1903-1987 American novelist
Erskine Caldwell's first novels, The Bastard (1929) and Poor Fool (1930) were followed by a short story collection, American Earth (1931), which—although unpublished—he himself considered his first book. These stories lay the foundation for Caldwell's later recognizable style, namely a grimly deterministic perspective on human life in which the manipulation of power between men and women, whites and African-Americans, rich and poor disposed him towards a gothic preponderance for depictions of graphic violence and startlingly grotesque imagery.
Nevertheless, Caldwell did not receive any measure of success until the publication of Tobacco Road (1932) and God's Little Acre (1933). Both books were set amongst poor whites and featured a great deal of grotesque sexual behavior. In particular, the incestuous activities of the protagonists, which Caldwell presented as near inherent in the family pattern of the sharecroppers, upset southerners and northerners alike, and culminated in a highly publicized obscenity trial in the wake of the publication of God's Little Acre. The publicity ensured the books status as a bestseller and the continued run of a theatrical adaptation of Tobacco Road, which ran on Broadway for over seven years.
The sexual content of Caldwell's work, his insistence on the grotesque absurdity of the deprived characters, and the animalistic nature of their psychological make-up, has thus often overshadowed Caldwell's reputation as a pro-proletarian writer of the period. In fact, Caldwell's perspective on sharecropping became sharpened as his political sympathies moved leftward during the Depression years. In both God's Little Acre and Tobacco Road, set in the brutalized countryside of the South, the characters remain oblivious to any notions of Southern gentility or nobility. Instead, Caldwell poignantly prefers to focus on the moral and physical destitution of a people described in starkly realist terms. In 1935, Caldwell published a collection of proletarian stories, Kneel to the Rising Sun, before moving on to a style of writing that leant itself more to his alleged objectivist style, namely documentary writing.
Some American People (1935) records Caldwell's journey through a Depression-torn America as does his later collaborations with the photographer Margaret Bourke White whom he married in 1939. As a couple they produced You Have Seen Their Faces (1937) on the plight of Southern sharecroppers, North of the Danube (1939) on Czechoslovakia, Say, is this the USA? (1941), and Russia at War (1942). Despite a tumultuous relationship and subsequent divorce in 1942, their collaborative efforts represent a unique combination of documentarist photography and Caldwell's quirky fictionalized accounts of the vernacular speech patterns of the people portrayed. In You Have Seen Their Faces, Caldwell dismisses any form of passive objectivity, instead choosing to polemically foreground the pathos of the sharecropper's plight.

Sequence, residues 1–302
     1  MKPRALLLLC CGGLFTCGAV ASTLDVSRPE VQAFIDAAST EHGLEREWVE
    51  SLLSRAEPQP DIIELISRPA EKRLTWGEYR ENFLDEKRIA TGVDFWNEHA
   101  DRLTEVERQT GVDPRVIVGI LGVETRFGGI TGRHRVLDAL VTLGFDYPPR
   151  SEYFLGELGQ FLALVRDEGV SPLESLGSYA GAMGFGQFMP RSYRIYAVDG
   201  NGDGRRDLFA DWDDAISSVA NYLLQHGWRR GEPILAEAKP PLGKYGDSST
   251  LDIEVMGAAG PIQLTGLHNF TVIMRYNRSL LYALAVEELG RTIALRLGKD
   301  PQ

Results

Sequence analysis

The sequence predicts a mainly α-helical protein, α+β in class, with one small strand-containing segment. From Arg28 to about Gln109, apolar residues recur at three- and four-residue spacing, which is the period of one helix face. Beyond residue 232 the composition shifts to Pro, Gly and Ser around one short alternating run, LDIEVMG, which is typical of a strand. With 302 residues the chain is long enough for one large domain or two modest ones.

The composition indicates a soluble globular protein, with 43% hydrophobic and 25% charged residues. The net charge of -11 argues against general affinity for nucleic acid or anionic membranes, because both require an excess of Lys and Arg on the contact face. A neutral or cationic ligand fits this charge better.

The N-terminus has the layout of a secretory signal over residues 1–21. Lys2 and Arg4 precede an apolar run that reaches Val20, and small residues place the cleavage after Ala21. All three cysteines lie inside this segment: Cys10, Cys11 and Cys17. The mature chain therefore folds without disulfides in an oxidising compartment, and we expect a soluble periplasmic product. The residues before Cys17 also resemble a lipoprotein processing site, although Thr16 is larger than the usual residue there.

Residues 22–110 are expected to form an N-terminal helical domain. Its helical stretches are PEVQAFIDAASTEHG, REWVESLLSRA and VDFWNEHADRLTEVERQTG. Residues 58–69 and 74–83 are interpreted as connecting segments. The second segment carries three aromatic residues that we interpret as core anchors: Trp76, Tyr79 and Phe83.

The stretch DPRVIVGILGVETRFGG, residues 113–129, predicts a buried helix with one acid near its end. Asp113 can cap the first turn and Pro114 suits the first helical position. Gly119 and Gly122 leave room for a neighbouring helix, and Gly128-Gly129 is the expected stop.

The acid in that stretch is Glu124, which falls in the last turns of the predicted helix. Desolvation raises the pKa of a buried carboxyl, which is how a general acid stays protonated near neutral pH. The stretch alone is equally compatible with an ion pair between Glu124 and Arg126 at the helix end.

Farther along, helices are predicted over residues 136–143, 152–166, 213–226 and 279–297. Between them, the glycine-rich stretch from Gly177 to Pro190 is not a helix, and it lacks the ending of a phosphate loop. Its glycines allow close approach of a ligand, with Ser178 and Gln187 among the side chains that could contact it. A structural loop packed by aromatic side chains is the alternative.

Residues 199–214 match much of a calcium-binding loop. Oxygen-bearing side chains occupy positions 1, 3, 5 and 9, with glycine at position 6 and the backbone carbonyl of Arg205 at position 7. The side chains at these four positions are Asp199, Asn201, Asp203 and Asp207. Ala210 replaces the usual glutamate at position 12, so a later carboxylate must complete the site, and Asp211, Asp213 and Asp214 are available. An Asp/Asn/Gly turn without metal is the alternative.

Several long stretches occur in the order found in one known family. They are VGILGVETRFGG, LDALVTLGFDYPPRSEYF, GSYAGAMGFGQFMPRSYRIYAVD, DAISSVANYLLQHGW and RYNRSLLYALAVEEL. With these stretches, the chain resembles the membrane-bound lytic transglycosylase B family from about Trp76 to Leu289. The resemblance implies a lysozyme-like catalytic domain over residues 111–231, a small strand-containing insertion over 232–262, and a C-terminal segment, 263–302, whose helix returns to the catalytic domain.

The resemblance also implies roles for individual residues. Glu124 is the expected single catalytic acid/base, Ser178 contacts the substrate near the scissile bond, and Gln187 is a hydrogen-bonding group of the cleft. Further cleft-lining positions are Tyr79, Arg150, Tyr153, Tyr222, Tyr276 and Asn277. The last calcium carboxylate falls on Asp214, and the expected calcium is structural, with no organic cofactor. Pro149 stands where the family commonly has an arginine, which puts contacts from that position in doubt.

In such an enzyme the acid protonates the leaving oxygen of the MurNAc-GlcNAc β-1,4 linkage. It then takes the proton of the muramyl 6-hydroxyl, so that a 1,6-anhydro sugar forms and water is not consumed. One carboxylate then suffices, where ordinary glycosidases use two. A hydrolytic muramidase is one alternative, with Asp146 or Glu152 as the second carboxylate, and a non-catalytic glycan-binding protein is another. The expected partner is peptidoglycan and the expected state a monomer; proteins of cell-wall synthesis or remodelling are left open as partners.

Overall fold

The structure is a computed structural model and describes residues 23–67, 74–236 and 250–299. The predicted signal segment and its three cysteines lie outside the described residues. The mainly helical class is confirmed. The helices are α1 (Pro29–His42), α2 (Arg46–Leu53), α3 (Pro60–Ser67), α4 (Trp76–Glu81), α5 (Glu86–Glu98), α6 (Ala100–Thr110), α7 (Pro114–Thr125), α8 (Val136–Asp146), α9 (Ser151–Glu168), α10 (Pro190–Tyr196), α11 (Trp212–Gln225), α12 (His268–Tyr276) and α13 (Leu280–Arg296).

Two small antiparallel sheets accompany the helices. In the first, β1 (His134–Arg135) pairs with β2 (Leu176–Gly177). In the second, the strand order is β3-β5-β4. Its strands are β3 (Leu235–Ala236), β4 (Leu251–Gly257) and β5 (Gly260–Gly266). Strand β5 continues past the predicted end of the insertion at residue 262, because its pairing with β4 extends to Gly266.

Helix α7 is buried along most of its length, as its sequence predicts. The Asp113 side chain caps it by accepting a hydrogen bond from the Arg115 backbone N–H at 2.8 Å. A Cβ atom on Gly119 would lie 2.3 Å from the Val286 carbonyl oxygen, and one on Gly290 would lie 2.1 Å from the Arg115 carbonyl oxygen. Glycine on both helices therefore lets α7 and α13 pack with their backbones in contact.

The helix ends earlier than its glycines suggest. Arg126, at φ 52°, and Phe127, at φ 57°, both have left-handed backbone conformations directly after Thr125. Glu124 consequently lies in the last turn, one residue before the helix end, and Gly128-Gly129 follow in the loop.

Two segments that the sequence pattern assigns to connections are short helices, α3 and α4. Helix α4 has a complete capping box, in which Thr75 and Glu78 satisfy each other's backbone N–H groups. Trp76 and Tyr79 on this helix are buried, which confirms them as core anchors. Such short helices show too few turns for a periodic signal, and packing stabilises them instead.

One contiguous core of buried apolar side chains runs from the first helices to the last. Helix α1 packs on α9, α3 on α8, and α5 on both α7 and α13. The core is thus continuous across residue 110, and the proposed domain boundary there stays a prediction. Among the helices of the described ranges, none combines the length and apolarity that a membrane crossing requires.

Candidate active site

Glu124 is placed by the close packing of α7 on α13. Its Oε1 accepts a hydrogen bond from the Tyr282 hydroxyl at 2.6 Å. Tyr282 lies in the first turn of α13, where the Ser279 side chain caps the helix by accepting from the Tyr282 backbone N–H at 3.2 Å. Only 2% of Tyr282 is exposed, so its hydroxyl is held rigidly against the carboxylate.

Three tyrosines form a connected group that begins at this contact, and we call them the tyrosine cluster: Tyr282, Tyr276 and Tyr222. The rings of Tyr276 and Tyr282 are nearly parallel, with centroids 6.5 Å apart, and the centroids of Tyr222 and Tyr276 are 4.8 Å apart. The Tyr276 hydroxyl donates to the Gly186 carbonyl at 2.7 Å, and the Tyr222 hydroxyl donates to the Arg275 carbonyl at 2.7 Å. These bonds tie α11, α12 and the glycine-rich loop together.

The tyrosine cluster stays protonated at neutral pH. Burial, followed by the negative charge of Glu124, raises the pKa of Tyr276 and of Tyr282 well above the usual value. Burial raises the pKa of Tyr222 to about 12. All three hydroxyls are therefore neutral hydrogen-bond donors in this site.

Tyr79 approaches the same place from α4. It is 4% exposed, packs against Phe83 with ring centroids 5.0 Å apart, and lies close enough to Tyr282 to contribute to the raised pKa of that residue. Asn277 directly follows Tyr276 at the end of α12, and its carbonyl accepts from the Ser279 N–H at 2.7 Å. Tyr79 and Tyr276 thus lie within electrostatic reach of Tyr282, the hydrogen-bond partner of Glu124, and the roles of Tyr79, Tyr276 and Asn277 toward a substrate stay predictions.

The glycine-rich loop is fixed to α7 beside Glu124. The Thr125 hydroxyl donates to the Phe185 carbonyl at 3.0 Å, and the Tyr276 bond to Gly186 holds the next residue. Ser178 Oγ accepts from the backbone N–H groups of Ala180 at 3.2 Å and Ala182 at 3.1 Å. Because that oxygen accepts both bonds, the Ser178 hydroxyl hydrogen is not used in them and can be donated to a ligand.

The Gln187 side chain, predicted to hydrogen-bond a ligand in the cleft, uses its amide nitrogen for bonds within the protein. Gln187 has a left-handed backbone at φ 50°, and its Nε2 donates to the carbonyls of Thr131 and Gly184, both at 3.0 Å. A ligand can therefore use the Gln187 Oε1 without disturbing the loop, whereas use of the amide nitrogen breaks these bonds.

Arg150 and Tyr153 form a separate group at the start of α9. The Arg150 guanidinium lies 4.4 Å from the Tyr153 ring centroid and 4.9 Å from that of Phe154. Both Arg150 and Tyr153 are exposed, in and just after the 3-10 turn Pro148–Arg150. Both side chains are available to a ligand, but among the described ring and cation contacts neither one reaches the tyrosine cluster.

Caldwell continued to write prolifically during the 40s. The subsequent decline in his critical status was abetted by a continued interest in the more lurid and commercial sale of paperback éditions of Tobacco Road and God's Little Acre. These éditions were more often than not published with paperback covers portraying an array of women with suggestively torn clothing and leering men in the background. After successive marriages Caldwell attempted to break away from this cycle by focusing on female protagonists. His 1950s novels: Gretta (1950), Gulf Coast Stories (1956), and Certain Women (1957) nevertheless all deal in various ways with the sexual behavior of unfulfilled women. Caldwell's reputation as one of America's most censored authors aided in the publication of these books at a time when Caldwell, in America, was considered a rather formulaic writer banking on earlier successes. As Caldwell moved on from his interest in the sexual behavior of women he began to deal more concertedly with issues of race and class in later work from the 1960s and 1970s: Jenny by Nature (1961) and Close to Home (1962) amongst others.
In total, Caldwell published well over 50 books of short stories, novels, and non-fiction but his work from the 1930s still stands as the foundation for his reputation as a writer engaged with the political and sexual spirit of his age. Despite the potential for his Southern fiction to be read as predominantly crass and sexually titillating, Caldwell's sociological sense and political sincerity combined to make him a crucial literary figure of his times.
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